How to Help your Kids Stay Confident Throughout the Tween Years

How to Help your Kids Stay Confident Throughout the Tween Years

‘Self-esteem and confidence get thrown around all the time, and I don’t really know what to do to start feeling that way. What does that even mean?’

This is a question I recently heard from a client who is in her early 20’s. She’s bright and capable, and yet, she’s at a loss for what to do to start to build her self-esteem – and she’s reflecting a common confusion about what to do to get there.

We’re taught to feel confident, but not be conceited.

So, we’re caught in a big conflict right from the start of how to navigate confidence

We’re supposed to have high self-esteem, but not taught the tools and strategies to help us get there.

So, often it’s when we’re adults that we start seeking out ways to figure this out and connect with our self-worth.

What does the research say?

Both genders have challenges when it comes to being able to be their full selves in the world and they manifest in different ways.

With boys, the pressure is around hiding emotions and vulnerability.

With girls, it’s a sacrifice of self to be ‘good’ and have relationships.

These challenges lead to negative effects and often result in our children hiding their voices and true selves around the tween years.

What’s the solution?

It’s all about prevention.

By sharing powerful, mental health practices with your children, you can help prevent the inevitable emotional landslide and keep your kids happy, centered and aligned during this rough transition.

What if your kids got to learn all the tools to be confident BEFORE any drama happens?

What if mental health was valued in the same way as academic success?

That way, there wouldn’t be the loss of confidence that needs to be regained.

When challenges come along, children would already be equipped with the tools to navigate them, so the result wouldn’t be a loss of self-worth.

Confidence is multi-dimensional.

It takes more than simply practicing believing in one’s abilities.

Here are seven tools all children need to build their confidence in a foundational way:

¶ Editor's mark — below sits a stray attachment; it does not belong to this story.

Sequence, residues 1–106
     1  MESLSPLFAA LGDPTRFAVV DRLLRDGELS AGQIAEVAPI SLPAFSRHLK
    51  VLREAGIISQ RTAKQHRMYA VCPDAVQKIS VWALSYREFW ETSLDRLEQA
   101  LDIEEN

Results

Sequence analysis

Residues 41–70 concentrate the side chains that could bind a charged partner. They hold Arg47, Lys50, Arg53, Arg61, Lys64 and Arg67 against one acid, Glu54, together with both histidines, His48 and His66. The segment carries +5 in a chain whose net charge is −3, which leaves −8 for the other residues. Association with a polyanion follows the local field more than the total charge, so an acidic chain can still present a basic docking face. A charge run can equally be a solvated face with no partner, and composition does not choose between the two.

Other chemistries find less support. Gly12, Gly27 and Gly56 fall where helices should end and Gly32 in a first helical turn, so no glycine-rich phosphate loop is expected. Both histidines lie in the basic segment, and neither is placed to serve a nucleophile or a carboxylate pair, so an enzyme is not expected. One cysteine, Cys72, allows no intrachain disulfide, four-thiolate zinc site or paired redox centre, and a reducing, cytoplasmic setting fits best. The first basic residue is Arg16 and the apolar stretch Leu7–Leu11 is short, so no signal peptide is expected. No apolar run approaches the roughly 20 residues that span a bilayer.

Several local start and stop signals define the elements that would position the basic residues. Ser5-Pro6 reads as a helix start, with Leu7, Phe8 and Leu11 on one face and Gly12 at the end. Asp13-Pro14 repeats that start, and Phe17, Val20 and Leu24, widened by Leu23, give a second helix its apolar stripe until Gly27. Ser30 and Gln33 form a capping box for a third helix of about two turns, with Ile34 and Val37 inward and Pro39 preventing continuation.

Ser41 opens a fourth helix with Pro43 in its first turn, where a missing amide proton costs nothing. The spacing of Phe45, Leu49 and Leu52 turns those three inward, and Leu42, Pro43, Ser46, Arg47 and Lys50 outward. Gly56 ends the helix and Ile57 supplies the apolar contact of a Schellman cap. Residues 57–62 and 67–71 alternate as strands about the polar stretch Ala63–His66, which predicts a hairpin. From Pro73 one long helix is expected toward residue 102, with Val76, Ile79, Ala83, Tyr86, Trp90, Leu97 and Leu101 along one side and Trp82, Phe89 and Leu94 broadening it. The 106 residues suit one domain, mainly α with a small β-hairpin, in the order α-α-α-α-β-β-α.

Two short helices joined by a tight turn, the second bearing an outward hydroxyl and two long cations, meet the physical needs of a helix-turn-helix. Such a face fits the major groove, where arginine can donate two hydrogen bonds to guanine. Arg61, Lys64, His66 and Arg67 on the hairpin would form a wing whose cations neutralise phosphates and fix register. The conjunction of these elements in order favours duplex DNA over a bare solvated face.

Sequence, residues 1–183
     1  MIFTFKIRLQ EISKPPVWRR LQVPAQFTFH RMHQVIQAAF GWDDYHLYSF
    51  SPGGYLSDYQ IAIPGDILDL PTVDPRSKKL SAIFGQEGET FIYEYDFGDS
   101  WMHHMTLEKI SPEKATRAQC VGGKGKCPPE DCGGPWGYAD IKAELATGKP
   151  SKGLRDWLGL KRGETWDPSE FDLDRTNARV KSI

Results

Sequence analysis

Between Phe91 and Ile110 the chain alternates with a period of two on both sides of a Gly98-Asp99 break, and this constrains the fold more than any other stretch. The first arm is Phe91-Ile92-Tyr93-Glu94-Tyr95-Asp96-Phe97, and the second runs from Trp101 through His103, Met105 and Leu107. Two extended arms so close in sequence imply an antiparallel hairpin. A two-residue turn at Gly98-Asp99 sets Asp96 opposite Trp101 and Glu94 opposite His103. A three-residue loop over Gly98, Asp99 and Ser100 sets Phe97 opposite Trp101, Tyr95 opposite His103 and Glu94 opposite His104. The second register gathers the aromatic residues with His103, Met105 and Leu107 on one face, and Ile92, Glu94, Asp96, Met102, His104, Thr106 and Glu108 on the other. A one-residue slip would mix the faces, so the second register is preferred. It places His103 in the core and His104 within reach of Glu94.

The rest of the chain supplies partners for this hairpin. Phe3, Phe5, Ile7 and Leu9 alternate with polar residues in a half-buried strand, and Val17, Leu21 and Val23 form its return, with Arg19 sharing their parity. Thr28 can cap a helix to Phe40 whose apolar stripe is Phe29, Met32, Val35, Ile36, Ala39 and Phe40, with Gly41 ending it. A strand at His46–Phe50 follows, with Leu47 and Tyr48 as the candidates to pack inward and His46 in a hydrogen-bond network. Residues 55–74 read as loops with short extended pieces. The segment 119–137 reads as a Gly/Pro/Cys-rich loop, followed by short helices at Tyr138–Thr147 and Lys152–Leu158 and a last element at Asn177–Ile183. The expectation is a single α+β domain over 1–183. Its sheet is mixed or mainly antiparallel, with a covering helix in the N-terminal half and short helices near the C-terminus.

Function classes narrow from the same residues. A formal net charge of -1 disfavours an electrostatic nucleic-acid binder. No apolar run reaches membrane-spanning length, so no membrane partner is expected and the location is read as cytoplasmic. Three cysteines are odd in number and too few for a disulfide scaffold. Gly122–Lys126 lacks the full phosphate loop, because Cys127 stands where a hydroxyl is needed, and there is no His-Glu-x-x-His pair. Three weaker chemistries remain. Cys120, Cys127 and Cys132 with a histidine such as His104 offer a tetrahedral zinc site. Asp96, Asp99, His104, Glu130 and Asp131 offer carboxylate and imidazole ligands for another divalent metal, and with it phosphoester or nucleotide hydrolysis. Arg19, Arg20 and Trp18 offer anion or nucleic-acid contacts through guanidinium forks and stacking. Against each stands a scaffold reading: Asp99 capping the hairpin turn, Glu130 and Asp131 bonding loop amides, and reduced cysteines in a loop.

1. Strong Home and Family Life
  2. Authentic Friendships
  3. Inner Strength & Resilience
  4. Self-Love
  5. Self-Expression 
  6. Mindfulness & Inner Peace
  7. Imagination

1. Strong Home & Family Life

Strong home and family life is something I always start with when I’m working with a client or student.
Something that grounds you to your roots is especially important for tweens because they’re starting to step out and explore their independence.

People who specialize in teaching young children to manage emotions often advocate for creating a calm corner in the home.

What they’re doing at a root level is to help establish the home environment as a safe space to retreat to center yourself.

Older kids need this kind of support too. You can empower your tweens at a deeper level to really start to building on that toolkit of things that comfort them and help them feel safe.


Something that shakes the foundation of strong home and family is fear.

Fear can be something vulnerable to talk about.

So, if you bring up the idea of what comforts you in the same conversation as, What are you afraid of?…

1-  You begin to normalize the emotion. Bringing it into conversation shows that it can be okay to talk about fear in the same way it can be to talk about comfort.

2 – The solutions are being generated from inside your child. It can be hugely empowering when one realizes, ‘I have these fears AND I also have these things that I can do to comfort myself and calm those fears.’


Things like connecting with your culture and establishing family traditions are also good ways to relate with family life on a deep level.

One of the activities we do in the Chakra Kids Empowerment Journey is to create your own new tradition.

It could be something that’s as simple as making a meal on a certain day, or anything really that’s coming from your child’s inspiration.

Letting them take the lead helps it sink in and creates those roots- it also shows them that they’re a valuable member of the family whose ideas are considered.

2. Authentic Friendships

The second tool is authentic friendships.

This is very important and what I promote as a way to combat toxic friendships, negative friendships, bullying – whatever term resonates with you.

A way to teach this can start to happen through casual conversation.

You can start to simply ask, What are the qualities of a good friend? What are you looking for in a friend? In what ways are you a good friend?

And then you can also weave in there, what ways can you be a better friend?

When children get clear on what kinds of friends they really want, it’s easier to avoid participating in friendships that don’t feel good.

Again, it can often be more successful when you introduce talk about conflict resolution and how someone can improve on their challenges without it having that vulnerable, direct addressing of something you did wrong, or an issue you have.

It’s a positive approach that doesn’t ignore the challenges, but instead brings them into the same space as everything else.


Celebrating the friendships you already have is another way to teach the tool of authentic friendships.

Part of authentic friendships is also acknowledging that sometimes your friendships are necessarily your peers. You can expand the definition of friendship to being someone who is part of your support system, someone who is there for you, looking out for you. A simple way to do this is to write gratitude notes to friends.

For children to be able to find their own happiness, they need to know they can be themselves AND have relationships. Without true friendship, this is impossible. 

3. Inner Strength & Resilience

The third tool is inner strength and resilience.